It still beggar’s belief how all these clubs, with the Glazers and Ed Woodward at the forefront, had such a lack of awareness and foresight in diving headfirst into this abhorrent re-structuring. Obviously, the motivation for all clubs was purely financial. It was felt that the ESL could be marketed to the highest-bidding broadcasters within a closed shop to enable a guaranteed annual income. The fact is, had this idea been developed sensibly and transparently, it had the potential to work. Fans would always reject a competition with no sporting merit, but fans also have no loyalty to UEFA. Had the proposal been for extra qualifying spaces for the larger nations, the likelihood is there would have been little opposition. It certainly demonstrated a lack of understanding of the football community which is unfortunately typical of the Manchester United owners, albeit they were certainly not the only culprits.

The Glazers were subsequently provided with a list of four specific demands from the Manchester United Supporter’s Trust. In summary:

  1. Rebalance the current ownership structure in favour of supporters
  2. Appoint independent directors to the board whose sole interest is to protect the interests of the club
  3. Put in place a shares scheme that is accessible to all and shares the same voting rights as those held by the Glazer family.
  4. Commit to full consultation with season ticket holders on any significant changes to the future of the club, including competitions we play in

A deadline of Friday 7th May was given for a response to be received in writing. On this date, resulting from the fan protests, Joel Glazer communicated through an open letter to Manchester United fans promising better communication with supporters, investment in Old Trafford, and proper talks over share sales. He made reference to all four points raised, whilst not making any specific promises. The letter states “These commitments are a starting point for further dialogue, rather than final proposals. We want to work together to come up with an ambitious package of measures which will transform our relationship with fans and strengthen the club for the long-term”.

Inevitably, this letter has been greeted with scepticism. A previous reference to “re-building trust” with the fans was met with anger, as there was never any trust to re-build. For any trust to develop, it will require some quick and discernible action from the club’s ownership.

So, what now?

This is the question fans must ask themselves: where do we go from here? If it is to take whatever action necessary until the Glazers sell the club, it will require significant dedication from a majority of the support. The only effective means of removing the Glazers is to seriously impact the revenues of the club and continuing to tarnish their reputation through protesting. It could be a long and painful process, with fans not going to watch the team, not supporting sponsors, and not buying any club merchandise – effectively turning their back on the club until there is new ownership. This approach will also inevitably have a detrimental impact upon on-field performances.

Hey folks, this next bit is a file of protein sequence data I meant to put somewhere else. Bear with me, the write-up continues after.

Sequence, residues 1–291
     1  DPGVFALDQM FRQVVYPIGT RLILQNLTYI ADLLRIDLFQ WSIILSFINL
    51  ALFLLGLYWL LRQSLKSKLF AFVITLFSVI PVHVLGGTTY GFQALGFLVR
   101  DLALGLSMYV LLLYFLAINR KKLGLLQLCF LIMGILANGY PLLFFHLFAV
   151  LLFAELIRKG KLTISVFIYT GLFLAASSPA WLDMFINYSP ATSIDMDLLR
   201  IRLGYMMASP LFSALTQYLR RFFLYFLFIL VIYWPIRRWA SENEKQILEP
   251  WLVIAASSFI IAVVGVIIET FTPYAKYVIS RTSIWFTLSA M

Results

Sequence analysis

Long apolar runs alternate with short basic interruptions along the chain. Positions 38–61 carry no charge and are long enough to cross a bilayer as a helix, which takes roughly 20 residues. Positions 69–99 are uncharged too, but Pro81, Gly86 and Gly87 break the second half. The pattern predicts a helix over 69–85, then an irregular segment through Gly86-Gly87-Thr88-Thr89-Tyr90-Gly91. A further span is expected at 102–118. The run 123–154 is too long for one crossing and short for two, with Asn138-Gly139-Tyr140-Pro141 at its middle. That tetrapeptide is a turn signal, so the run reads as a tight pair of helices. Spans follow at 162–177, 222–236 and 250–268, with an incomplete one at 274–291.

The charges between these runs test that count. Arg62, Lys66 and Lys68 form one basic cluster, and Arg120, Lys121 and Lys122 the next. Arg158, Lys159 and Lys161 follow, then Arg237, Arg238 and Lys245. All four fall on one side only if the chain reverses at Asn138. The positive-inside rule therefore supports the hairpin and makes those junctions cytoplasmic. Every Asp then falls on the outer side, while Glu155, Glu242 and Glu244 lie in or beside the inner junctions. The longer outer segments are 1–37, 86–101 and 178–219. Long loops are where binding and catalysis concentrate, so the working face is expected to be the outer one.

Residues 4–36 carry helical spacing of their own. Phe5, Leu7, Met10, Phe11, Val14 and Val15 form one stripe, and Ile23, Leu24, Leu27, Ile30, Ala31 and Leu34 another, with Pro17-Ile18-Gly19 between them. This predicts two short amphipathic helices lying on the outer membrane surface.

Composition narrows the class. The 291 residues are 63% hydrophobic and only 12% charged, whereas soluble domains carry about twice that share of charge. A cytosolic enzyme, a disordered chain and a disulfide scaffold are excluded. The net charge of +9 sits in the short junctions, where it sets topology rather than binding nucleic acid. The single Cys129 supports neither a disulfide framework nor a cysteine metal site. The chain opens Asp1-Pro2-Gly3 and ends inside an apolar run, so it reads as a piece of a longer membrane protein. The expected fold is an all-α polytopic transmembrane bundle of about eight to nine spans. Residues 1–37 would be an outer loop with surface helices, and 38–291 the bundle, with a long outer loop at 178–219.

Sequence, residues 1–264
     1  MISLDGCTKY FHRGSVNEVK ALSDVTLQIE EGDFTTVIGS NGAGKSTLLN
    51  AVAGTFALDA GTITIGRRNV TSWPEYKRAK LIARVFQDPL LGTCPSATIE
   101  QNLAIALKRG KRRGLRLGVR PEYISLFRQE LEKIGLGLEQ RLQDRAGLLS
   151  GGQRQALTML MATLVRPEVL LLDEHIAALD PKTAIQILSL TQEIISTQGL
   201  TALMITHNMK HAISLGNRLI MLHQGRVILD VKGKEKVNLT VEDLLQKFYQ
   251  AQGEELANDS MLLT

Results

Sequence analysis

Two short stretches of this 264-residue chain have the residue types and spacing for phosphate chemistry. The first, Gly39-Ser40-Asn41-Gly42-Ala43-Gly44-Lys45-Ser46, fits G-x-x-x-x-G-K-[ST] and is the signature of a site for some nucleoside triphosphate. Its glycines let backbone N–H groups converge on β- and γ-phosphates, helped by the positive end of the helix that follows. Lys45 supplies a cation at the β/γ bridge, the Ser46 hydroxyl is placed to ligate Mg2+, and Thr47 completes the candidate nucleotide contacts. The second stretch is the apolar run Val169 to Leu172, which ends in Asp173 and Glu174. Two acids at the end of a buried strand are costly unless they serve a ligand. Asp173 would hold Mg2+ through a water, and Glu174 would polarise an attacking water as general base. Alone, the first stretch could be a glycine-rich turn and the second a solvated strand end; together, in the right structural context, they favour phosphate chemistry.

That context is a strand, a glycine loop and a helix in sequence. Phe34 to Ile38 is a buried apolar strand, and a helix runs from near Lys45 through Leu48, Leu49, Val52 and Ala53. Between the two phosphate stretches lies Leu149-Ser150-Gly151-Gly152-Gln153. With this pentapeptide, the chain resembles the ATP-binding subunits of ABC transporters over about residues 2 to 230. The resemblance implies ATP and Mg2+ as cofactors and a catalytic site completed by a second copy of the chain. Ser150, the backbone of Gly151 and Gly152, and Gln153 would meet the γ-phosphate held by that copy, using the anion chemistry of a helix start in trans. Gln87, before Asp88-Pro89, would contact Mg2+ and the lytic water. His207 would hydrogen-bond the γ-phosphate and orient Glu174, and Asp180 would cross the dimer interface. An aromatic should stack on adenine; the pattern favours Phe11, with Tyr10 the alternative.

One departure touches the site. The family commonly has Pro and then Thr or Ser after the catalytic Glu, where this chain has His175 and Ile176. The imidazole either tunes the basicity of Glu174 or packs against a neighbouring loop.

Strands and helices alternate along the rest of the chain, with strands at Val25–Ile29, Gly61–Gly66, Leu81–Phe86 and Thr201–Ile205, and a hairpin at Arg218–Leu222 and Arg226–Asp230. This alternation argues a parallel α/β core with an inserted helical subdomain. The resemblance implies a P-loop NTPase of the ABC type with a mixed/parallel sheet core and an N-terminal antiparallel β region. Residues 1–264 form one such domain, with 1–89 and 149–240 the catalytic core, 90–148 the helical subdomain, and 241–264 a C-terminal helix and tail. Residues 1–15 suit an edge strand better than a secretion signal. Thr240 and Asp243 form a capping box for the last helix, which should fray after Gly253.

Peaceful protesting can, of course, also have its place. However, paramount to any protesting is preserving law and order. Although the majority of protests were peaceful, there were also incidents of criminal damage, trespass, and assault of a police officer. This is not acceptable. With any mass gathering of people, a sinister element will always be attracted. There is a danger that protests could lose widespread support should that sinister element increase.

Another consideration is if the club is sold, who will buy it? With the value of Manchester United, there would be a very limited pool of potential suitors. There was apparently interest from a Saudi Arabian delegation in 2019. Qatar delegations may have an interest. There is the possibility of a billionaire such as Jeff Bezos or Daniel Ek wanting the club as a plaything. The concern is whether these options are actually preferable. Not many states, institutions or individuals with this level of wealth have the highest of ethical standards. Manchester City, with their untold riches, are owned by Sheikh Mansour of the United Arab Emirates. In its 2017-18 report, Amnesty condemned the UAE for unfair trials, lack of freedom of expression, a failure to investigate allegations of torture, discrimination against women and the abuse of migrant workers. Top level football is already largely morally corrupt – but can we turn a blind eye if the club’s ownership were involved in similar human right’s abuses?

The talk of 50+1 ownership seems fanciful. Boris Johnston made mention of dropping a “legislative bombshell” on club owners, but there is absolutely no reason to believe that this is anything other than hot air. We are more likely to see the £350 million a week for the NHS that his Brexit bus promised.

Alternatively, is there a compromise? The Glazer’s have now indicated a willingness to listen to the fans and have stated they are dedicated to achieving success under Ole Solskjaer. Fans have demonstrated the impact they can have and could choose to continue to have. Should the Glazers be given a chance to be true to their word? They have promised to build trust and invest money. In the knowledge that they will inevitably cash in their chips when they feel they can maximise profits, should the fan engagement make it clear to them that they need to make good on these promises whilst they remain in charge? Ed Woodward’s departure provides an opportunity for them to hire somebody who is effective with both fan engagement and football administration. They at least now know that the fans can choose to exert their power.